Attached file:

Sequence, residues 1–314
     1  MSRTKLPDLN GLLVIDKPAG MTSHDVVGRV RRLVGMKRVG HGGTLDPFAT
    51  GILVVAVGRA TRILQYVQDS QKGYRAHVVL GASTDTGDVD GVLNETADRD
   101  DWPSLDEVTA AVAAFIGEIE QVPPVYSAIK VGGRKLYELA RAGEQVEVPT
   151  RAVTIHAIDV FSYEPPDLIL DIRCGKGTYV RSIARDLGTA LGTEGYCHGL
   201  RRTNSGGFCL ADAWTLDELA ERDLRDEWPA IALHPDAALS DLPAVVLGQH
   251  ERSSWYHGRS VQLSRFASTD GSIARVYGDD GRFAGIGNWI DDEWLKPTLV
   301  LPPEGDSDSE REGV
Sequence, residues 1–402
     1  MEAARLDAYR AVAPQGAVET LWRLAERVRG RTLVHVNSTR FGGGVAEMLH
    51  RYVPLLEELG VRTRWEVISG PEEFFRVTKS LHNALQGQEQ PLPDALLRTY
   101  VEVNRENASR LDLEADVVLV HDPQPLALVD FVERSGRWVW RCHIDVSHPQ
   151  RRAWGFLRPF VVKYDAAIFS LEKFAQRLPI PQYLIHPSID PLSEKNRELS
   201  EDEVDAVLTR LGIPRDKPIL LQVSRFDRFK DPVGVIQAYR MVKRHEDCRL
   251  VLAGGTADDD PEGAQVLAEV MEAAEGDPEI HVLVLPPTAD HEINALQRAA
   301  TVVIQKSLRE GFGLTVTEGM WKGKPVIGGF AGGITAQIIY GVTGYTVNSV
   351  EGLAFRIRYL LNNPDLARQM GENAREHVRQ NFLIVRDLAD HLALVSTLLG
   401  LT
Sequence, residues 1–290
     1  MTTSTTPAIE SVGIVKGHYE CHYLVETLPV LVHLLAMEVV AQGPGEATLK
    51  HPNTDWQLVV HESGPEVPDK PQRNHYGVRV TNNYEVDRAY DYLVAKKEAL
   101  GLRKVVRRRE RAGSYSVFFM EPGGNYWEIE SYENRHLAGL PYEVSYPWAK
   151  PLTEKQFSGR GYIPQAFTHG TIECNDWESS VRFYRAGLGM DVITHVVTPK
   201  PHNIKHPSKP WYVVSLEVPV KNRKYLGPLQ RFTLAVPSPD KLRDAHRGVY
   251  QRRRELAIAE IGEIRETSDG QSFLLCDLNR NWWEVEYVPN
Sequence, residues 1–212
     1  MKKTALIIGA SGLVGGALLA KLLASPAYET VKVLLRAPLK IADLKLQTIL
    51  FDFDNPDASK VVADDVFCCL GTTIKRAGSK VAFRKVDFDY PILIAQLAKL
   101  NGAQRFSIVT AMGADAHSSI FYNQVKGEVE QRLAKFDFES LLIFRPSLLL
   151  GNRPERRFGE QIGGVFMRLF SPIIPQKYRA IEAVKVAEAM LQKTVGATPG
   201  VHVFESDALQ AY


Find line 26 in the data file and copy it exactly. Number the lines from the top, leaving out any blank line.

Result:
Sequence, residues 1–212